So that was that...and then the same morning I smelt the most potent pong at a specific point half way down the hall. It made me catch my breath, it was so unpleasant, in a rotten egg / sewage kind of a way. I puzzled over this long and hard, looked under the hall furniture for a possible present from Truffle, rang my friend Gillie to ask her about the likelihood of a localised gas leak, and generally fretted a lot, thinking my house was unsafe, smelly, or both. And then something made me pull out a trainer (as in the shoe, not a fitness professional house guest who forgot to check out ;) ) from under a chair, and I suddenly spied a dark furry mass nestling inside. Nestling, and oozing...Having tossed the mouse, I examined the dark patches its partly decomposing body had left behind. Too extensive to disinfect/sterilise and wash in the machine, though I did have a go. Before tossing the wet trainers as well. Luckily, a cursory rummage in my T K Maxx receipts - yes, I really do have a separate folder for these! - revealed that I had only paid £12 for them in the first place. But still, it was a stomach-churning episode, second only to the discovery of an even more decaying mouse corpse in the loo once.

And on that unsavoury note, I will dream of more Airbnb guests coming, bringing fragrant bodycare products with them to fumigate the house...;)

Sunday, 17 February 2019

Serendipitous and subliminal sillage surprises, and functional fragrances punching above their product category

Apologies for another long hiatus between posts: if this keeps up, I will have to google the plural of hiatus to see if it is in fact 'hiati', and take great care not to get it muddled with the disaster-torn island in the Caribbean of the same name. In my flimsy defence, I was laid low by a flu-like entity for a couple of weeks, hard on the heels of the two sickness bugs I had in December. And I have also been busy lately with an unexpected flurry of work, which unfortunately overlapped with the most acute phase of the aforementioned viral entity. (Not a good combination, and one I hope never to repeat!) But more of the work would be great...;)

Now somewhere in that mix was a smattering of Airbnb guests, who were most congenial company, and two of whom are coming back soon. I have now had enough people to stay to start noticing a rather interesting phenomenon, of which more anon. The first point I wanted to explore is the smell of a house - any house. I couldn't tell you what my own house smells like - in a general, ambient kind of way, I mean - but I do know that when I step over the threshold into other people's places, such as the friends whose cats I feed, their homes have a completely different scent. I would love to do a blind test, whereby I am guided into one of these houses at random and asked to guess where I am purely by smell.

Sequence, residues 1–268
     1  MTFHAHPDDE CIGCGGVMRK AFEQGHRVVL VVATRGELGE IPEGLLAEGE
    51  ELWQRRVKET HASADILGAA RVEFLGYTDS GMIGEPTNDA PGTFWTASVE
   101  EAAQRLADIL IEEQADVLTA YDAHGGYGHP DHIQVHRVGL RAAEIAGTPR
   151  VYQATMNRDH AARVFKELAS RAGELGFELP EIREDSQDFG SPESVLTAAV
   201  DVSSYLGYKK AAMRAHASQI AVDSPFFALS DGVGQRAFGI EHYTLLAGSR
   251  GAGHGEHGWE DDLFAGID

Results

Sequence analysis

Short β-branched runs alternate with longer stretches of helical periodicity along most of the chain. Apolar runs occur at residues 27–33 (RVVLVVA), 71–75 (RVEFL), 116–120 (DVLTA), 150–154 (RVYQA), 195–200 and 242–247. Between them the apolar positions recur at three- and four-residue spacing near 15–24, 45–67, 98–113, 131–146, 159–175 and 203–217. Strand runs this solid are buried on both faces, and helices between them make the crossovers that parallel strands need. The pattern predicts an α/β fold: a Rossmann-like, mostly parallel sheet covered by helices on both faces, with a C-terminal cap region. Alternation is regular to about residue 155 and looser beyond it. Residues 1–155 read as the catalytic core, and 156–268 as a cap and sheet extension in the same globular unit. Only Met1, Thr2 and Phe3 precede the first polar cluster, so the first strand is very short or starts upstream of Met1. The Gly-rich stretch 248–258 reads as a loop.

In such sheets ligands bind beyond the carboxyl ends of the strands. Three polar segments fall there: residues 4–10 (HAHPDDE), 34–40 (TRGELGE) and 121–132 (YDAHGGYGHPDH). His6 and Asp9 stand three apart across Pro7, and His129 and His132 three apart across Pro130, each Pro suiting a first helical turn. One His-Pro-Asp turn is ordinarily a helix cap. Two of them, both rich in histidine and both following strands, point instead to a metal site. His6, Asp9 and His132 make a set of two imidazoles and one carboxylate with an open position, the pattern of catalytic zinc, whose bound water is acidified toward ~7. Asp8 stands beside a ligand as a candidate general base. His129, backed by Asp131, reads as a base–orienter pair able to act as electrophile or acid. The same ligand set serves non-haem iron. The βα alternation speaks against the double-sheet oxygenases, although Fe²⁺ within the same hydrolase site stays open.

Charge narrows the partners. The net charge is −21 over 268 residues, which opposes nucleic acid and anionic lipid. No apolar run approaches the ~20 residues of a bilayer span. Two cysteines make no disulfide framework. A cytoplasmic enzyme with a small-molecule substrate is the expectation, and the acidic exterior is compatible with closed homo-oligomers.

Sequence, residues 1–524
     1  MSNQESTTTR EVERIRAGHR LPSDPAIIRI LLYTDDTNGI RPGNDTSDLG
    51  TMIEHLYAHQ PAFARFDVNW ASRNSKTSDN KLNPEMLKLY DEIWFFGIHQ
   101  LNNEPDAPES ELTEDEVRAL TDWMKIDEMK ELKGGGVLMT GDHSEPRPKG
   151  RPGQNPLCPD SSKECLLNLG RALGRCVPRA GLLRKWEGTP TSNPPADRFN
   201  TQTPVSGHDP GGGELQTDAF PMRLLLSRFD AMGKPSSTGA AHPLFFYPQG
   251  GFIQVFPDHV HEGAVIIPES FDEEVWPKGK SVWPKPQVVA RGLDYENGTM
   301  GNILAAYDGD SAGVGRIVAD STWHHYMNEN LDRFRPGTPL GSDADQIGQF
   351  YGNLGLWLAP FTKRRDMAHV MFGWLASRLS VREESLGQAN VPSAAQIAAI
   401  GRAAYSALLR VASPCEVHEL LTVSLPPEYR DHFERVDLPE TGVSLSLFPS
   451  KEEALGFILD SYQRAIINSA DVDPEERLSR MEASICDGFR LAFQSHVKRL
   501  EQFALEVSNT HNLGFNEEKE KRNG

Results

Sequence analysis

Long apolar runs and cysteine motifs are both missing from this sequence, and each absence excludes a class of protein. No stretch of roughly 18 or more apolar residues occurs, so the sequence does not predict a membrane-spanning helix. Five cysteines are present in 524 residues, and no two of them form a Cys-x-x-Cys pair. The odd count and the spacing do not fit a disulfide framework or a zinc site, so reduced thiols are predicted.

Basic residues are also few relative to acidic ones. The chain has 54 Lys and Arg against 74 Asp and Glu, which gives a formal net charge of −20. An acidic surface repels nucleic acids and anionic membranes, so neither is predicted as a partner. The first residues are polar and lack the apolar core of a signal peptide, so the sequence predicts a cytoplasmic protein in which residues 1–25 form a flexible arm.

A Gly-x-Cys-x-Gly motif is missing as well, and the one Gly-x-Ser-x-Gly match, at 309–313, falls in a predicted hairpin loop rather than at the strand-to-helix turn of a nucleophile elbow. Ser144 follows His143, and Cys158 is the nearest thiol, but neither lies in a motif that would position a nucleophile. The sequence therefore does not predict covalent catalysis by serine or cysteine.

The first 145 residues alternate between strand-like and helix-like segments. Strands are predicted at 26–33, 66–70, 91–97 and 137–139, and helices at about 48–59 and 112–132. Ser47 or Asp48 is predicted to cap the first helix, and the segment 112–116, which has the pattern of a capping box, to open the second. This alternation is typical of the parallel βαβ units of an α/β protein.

So that is definitely 'a thing'. And what I have also noticed, when I have gone into the bedroom where my Airbnb house guests have been staying, is that that room invariably also has a (new) smell of its own, most likely that of some toiletries they brought with them, with my money being on shower gel. On quite a few occasions now my nose has encountered a pleasant trail of scent, whether in their room, on the landing, or in the bathroom itself, that can last up to five days after the people have gone. Sometimes it is a sort of fruity, tangy fragrance - I spied a bottle of the Body Shop's Satsuma shower gel in the bathroom once - while other times it is more of a fresh, clean scent that I couldn't really place or describe, other than to say it is agreeable, and 'other' than how the room smelt before.

And my enjoyment of guests' (presumed) shower gel sillage reminds me of a recent post by Odiferess, in which she laments the explosion of new releases in the so-called 'niche' perfume market, dismissing many of them as cheap dross. She goes on to say that there are bodycare products that can easily hold their own with these pretentious perfume parvenus. And I couldn't agree more, indeed even before I had the experience of catching residual wafts of guests' toiletries, I had already been revelling in the scent of my own current shower gel, a bracking - bracking?...okay, bracing and cracking then - citrus and cardamom combo from Champneys. I cannot recommend it highly enough, especially at the price. The addition of cardamom is a nice counterpoint to the lemon and orange bouquet - or do I mean fruit bowl? - which could otherwise have lapsed into something blowsily generic. I am not a natural shower person, but I really could see myself turning into one with the enticement of this gorgeous product. What do you mean, I could just squirt some shower gel in the bath? I read labels, me. And for the record, I am not the sort either to defy social mores by having pancakes on Ash Wednesday.